October 21, 2009

Gang rule

Japanese television has a whole genre devoted to the revenge drama. It might more accurately be described as the "all your problems can be solved by beating the crap out of somebody" genre. The show must feature a bunch of loser teenage rebels without a cause and/or an ex-yakuza or ex-gang member who's "gone straight" but isn't above using his (or her) fists and past criminal connections to see wrongs righted.

Gokusen is a high school melodrama in the Dragon Zakura vein, casting a woman in the in loco parentis role. Kumiko Yamaguchi, the daughter of a yakuza crime family, becomes a teacher in the roughest, toughest school in town. What make the manga and anime great are her efforts to "go straight" while not abandoning her past, and her ability to outsmart her scheming students as well as outfight them.

The television series, though, quickly falls into a repetitious rut where a bunch of teenagers—as mind-numbingly stupid as they are violent—get themselves into serious trouble every week and their teacher bales them out in an identical—and eye-rollingly implausible—fight sequence every week.

But, hey, what do I know—the third and most painfully tedious season was the year's highest-rated drama series. But the manga and anime versions give Kumiko a far more interesting character arc as she struggles to reconcile her yakuza princess and school teacher roles.

Salaryman Kintaro moves Gokusen into Japan's business world. Anybody who crosses Kintaro or his company gets whupped. And there's somebody crossing them—resorting to extortion, assault, murder, arson, bombing—every darned week. Beyond the absurd plot turns and scenery-chewing acting, Salaryman Kintaro distills down to something between adolescent cliffhanger melodrama and violence porn.

Seriously, I don't get this attitude where showing an attractive naked woman is verboten (Japanese television has actually grown more conservative in this regard over the past quarter century), but beating somebody unconscious is prime time excitement.

The Rookies wants to be the baseball version of Dragon Zakura, except that with all the teenage gangbangers (identified as anybody with spikey dyed hair and tons of angst) on the team constantly going off on each other, the question is how they manage to field a team. The lesson, as Salaryman Kintaro proves, is that with a big enough animal id, you can recover from any life-threatening injury in a week.

The best of the bunch so far is Yasuko and Kenji. The goofy premise has ex-biker gang leader Kenji (Masahiro Matsuoka) abandoning his old life and becoming a manga artist to support his kid sister (Mikako Tabe). Tabe and Matsuoka possess honest-to-goodness comic chops, and the story is funny and inventive. But even that can't stop the contrived fight scenes from getting boring and repetitious.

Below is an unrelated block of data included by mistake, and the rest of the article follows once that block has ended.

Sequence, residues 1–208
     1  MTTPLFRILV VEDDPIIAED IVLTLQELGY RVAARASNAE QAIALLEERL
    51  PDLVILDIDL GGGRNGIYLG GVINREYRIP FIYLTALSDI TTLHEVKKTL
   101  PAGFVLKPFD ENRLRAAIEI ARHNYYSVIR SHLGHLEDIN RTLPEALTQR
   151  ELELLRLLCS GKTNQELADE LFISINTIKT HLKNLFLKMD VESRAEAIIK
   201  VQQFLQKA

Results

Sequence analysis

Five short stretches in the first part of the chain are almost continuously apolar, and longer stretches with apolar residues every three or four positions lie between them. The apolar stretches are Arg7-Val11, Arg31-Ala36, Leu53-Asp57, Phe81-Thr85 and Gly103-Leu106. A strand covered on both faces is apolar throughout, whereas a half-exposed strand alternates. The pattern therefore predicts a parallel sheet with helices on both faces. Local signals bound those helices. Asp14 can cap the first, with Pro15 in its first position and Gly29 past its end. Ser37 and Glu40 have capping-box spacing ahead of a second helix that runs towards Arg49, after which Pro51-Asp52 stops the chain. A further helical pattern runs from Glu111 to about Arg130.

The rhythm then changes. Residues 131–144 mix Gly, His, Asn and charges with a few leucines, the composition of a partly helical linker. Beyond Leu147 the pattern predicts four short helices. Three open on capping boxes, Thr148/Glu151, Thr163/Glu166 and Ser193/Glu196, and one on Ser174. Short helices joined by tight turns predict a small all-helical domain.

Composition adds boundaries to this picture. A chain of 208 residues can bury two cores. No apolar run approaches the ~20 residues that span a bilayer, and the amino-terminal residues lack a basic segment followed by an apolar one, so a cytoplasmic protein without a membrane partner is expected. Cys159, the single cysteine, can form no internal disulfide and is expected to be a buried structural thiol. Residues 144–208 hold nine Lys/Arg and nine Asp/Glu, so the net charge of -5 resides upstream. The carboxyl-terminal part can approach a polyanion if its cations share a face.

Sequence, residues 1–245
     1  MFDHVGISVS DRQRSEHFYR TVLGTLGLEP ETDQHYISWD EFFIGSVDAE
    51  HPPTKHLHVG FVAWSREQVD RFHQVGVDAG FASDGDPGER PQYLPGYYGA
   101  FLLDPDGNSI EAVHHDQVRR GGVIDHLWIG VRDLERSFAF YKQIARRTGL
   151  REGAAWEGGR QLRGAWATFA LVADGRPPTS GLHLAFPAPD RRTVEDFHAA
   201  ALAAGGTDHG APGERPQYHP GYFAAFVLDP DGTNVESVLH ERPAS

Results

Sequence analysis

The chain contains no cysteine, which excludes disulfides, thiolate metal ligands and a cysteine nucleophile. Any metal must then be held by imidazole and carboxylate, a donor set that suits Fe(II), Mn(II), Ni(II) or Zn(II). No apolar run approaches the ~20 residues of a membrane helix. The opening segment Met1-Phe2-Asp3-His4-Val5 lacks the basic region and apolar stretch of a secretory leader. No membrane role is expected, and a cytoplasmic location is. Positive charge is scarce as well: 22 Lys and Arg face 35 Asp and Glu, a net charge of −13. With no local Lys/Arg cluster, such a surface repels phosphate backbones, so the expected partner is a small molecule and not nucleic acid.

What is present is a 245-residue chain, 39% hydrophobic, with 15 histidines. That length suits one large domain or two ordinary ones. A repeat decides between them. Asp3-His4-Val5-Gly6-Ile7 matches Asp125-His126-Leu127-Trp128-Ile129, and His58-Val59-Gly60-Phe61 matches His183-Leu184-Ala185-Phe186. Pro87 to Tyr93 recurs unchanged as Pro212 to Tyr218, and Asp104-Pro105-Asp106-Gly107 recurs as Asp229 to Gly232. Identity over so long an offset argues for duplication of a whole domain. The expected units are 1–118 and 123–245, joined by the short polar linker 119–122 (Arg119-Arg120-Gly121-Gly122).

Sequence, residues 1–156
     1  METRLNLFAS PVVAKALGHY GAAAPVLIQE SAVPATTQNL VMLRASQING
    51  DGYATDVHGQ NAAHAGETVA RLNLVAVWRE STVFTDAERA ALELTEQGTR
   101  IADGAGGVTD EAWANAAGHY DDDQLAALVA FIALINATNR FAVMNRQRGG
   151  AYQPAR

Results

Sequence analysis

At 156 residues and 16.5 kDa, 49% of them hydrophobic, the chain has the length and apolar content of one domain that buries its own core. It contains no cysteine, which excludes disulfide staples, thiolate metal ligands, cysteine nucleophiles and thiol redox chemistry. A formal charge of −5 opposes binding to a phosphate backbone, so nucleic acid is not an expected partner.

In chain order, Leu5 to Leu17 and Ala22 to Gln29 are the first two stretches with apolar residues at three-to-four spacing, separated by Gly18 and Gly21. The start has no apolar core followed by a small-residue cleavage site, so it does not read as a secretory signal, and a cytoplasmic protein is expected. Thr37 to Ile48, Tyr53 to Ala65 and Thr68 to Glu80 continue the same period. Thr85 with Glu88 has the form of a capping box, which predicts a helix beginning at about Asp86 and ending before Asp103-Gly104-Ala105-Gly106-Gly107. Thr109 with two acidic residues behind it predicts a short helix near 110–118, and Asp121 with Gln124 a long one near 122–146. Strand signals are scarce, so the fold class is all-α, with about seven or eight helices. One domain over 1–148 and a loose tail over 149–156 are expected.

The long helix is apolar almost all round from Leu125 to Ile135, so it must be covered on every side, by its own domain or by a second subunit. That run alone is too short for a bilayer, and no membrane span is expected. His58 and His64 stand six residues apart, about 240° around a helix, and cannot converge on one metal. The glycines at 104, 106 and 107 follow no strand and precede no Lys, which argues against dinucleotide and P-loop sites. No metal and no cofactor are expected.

Period dramas can't resist the formula. The Killers is about, well, a bunch of "good guy" killers, a star chamber like the gang led by David Soul in Clint Eastwood's Magnum Force. It's got a decent cast (Masahiro Matsuoka gets to ham it up some more, though not as much as in Yasuko and Kenji) and great costumes. But what it boils down to is a bunch of nasty people being better off dead every week.

This is not a recent development. From 1962 to 1989, Shintaro Katsu made twenty-six Zatoichi films (including Zatoichi meets Yojimbo) and a two-year television series. A well-received 2003 revival cast Takeshi Kitano in the lead. Each Zatoichi installment involves the titular character running into a gang of ne're-do-wells who need themselves some killin' and who get their comeuppance by the time the credits start to roll.

The movies are made watchable by Katsu's acting and the twists and turns in the subplots. The same can't be said for the dozens of B-grade copycats spawned during the same period (some of which were made by Katsu himself), which compensated for a lack of creativity with sex, nudity, and buckets of fake blood.

"Getting even" seems a sure-fire formula in Japan. But watch too many of these shows—practically anything from the insanely prolific career of Takashi Miike (a major inspiration for Quentin Tarantino)—or simply the nightly news, and you can start believing that Japan is a crime-ridden no-man's-land straight out of The Road Warrior.

When it's still one of the calmest countries on the planet.

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